England supporters are set to go thirsty at Sunday’s Autumn Nations Cup final against France with the Rugby Football Union keeping the Twickenham bars shut when fans return for the first time since March.
It is understood the RFU has decided alcohol will be available only “in restaurant-style facilities and be served to the table with a substantial meal”, in line with government regulations on hospitality venues in tier 2. As a result, the bars around the stadium will stay closed with just one stall – offering food, soft drinks and tea and coffee – open. Supporters, who are ordinarily allowed to drink in their seats, will also be banned from bringing alcohol with them.
When Twickenham is at capacity, the RFU can make upwards of £10m per match, and takings from men’s home games account for 85% of the union’s revenue. Alcohol sales account for a significant part and while catering revenue was down 41% in the RFU’s latest annual report because of the pandemic, it still registered at £32.2m.
The RFU has already acknowledged that Sunday’s match will be loss-making, viewing the opportunity to host 2,000 supporters as a test event in the hope that more will be able to attend the three home Six Nations games next year.
The RFU has sold out its £299 hospitality packages for Sunday’s match and is donating 400 to local NHS workers via a ballot. Around 1,000 of the remaining tickets are on Tuesday set to go on sale to local residents, members and debenture holders, with the vast majority of those attending coming from the local area, London and the south-east. Anyone living in a tier 3 area is not allowed to attend, according to the RFU’s protocols.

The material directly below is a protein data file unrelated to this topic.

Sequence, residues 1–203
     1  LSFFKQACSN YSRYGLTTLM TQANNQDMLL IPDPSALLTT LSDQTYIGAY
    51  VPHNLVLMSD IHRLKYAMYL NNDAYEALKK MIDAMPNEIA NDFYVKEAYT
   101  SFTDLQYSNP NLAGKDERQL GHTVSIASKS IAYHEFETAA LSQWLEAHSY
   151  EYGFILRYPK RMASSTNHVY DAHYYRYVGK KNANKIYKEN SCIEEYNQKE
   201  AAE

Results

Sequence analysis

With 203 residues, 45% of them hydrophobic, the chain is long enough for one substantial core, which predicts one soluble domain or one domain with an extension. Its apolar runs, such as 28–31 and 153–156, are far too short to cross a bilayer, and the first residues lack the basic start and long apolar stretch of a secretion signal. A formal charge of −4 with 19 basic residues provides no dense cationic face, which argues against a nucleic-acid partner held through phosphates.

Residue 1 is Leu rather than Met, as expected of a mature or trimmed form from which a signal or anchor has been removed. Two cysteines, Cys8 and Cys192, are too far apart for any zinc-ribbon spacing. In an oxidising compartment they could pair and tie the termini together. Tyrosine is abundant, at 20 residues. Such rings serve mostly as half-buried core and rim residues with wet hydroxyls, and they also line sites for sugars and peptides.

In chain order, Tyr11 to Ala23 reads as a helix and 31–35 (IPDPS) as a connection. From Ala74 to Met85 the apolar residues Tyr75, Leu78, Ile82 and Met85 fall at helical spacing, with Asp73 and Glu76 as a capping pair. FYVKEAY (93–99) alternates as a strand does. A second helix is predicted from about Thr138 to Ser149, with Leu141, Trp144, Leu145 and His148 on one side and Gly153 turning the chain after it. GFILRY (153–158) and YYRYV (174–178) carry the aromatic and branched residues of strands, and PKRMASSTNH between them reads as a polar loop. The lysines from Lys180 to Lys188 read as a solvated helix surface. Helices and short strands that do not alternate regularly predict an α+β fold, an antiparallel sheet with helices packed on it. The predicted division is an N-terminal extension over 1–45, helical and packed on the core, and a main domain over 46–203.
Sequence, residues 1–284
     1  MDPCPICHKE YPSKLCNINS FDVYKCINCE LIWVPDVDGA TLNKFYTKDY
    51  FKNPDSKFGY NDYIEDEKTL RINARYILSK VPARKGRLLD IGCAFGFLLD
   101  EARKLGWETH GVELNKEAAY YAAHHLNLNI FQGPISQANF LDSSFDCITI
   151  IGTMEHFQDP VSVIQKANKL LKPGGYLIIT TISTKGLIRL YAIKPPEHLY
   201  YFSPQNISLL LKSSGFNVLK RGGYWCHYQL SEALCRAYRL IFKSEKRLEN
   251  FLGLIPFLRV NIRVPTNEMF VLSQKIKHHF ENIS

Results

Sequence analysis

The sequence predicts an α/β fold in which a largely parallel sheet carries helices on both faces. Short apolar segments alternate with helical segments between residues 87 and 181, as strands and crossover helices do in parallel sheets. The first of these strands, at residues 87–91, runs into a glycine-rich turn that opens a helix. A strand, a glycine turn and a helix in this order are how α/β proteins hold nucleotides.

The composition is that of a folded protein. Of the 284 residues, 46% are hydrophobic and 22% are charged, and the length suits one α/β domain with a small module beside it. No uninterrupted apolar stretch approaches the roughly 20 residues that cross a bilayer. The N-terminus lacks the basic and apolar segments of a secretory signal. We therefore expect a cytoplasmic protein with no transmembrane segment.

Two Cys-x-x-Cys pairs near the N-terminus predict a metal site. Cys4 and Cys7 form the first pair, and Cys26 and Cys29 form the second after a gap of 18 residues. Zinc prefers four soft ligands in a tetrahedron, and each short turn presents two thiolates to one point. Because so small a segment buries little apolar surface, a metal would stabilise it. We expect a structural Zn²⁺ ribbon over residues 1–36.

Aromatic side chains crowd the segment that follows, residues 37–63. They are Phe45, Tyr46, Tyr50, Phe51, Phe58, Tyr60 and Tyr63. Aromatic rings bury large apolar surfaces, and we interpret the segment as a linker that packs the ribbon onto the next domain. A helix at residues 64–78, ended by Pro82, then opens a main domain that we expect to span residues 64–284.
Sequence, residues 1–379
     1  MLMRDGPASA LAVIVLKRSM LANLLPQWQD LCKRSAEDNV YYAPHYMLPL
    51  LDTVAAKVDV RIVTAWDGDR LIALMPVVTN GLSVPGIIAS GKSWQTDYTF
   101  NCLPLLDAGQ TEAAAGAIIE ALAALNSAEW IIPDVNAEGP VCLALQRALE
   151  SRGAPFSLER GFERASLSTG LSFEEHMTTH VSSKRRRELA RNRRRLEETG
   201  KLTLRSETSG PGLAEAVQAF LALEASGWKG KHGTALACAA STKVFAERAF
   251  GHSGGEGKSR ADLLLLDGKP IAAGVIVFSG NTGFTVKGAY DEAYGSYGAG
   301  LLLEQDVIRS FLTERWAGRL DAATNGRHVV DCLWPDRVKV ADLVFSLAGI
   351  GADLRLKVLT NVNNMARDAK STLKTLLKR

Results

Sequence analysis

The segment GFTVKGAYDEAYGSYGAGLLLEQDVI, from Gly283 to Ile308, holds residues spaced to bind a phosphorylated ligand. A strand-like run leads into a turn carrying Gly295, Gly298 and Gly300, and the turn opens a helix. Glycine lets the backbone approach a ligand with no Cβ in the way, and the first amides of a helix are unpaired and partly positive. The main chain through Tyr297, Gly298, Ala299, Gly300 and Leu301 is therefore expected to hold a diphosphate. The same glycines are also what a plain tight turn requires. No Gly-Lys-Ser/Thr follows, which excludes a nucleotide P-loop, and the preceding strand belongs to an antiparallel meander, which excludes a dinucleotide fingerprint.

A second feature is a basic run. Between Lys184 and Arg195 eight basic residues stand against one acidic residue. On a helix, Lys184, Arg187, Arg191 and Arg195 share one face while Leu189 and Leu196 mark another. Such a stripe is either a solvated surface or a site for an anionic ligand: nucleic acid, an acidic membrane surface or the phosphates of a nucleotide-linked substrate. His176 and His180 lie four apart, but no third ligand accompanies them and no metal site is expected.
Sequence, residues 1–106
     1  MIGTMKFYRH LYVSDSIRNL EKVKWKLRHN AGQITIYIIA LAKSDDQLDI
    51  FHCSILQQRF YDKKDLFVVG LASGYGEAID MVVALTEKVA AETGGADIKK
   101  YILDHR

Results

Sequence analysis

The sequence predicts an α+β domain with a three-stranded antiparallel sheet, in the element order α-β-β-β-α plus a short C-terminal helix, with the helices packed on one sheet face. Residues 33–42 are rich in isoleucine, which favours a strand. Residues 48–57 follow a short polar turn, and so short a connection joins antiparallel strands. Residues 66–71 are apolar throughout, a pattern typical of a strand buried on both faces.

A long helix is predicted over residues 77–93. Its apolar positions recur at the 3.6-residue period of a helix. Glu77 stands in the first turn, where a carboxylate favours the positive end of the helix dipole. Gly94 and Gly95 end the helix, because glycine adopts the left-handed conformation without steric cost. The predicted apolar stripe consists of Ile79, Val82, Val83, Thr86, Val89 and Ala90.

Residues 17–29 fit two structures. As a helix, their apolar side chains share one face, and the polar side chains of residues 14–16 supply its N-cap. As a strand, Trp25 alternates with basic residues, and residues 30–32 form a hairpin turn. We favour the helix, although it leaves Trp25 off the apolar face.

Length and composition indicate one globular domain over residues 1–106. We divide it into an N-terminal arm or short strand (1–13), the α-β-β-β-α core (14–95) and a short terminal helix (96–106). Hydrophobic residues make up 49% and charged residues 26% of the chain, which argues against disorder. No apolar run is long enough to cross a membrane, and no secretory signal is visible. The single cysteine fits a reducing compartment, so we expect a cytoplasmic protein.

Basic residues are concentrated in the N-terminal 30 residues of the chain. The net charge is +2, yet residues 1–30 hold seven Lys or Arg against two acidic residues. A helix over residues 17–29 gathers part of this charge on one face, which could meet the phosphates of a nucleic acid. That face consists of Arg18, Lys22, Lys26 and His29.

All supporters who attend will have to agree to a spectator code of conduct and face ejection from the stadium if they do not adhere to it.
Other stadium protocols – which the RFU says go above and beyond guidance from the government and the Sports Ground Safety Authority – include that face masks must be worn at all times, except when eating and drinking, while supporters are encouraged to walk, cycle or drive to the match rather than take public transport.One-way systems will be in operation around the stadium and supporters will be given staggered arrival times to minimise the buildup of large groups.
The 20-year-old Alfie Barbeary has been called up by England for the first time by Eddie Jones for Sunday’s match. Barbeary was among the try-scorers for Wasps at the weekend and has established a burgeoning reputation as an all-action forward – able to play either at hooker or flanker. He has made only two starts for Wasps and seven appearances in total but has evidently impressed Jones, winning a place in England’s 33-man squad.
In the backs, Jonathan Joseph has been ruled out with a calf injury but Ollie Lawrence returns to the squad after missing Saturday’s victory in Wales. All told, it is largely the strongest squad available to Jones, even though England will face a desperately depleted France side.
Due to an uneasy compromise between the French federation and Top 14 clubs, France players can play only three matches this autumn, leaving Fabien Galthié without 20 front-line players, plus those who are absent through injury. It was announced on Monday that the scrum-half Baptiste Couilloud will captain the side while making his first Test start and winning only his fifth cap.
Meanwhile, the RFU has revealed that the Department for Digital, Culture, Media and Sport has given its approval for the return of adapted 15-a-side contact rugby in the community game. The changes include no scrums – with a free-kick taking their place – and no mauls.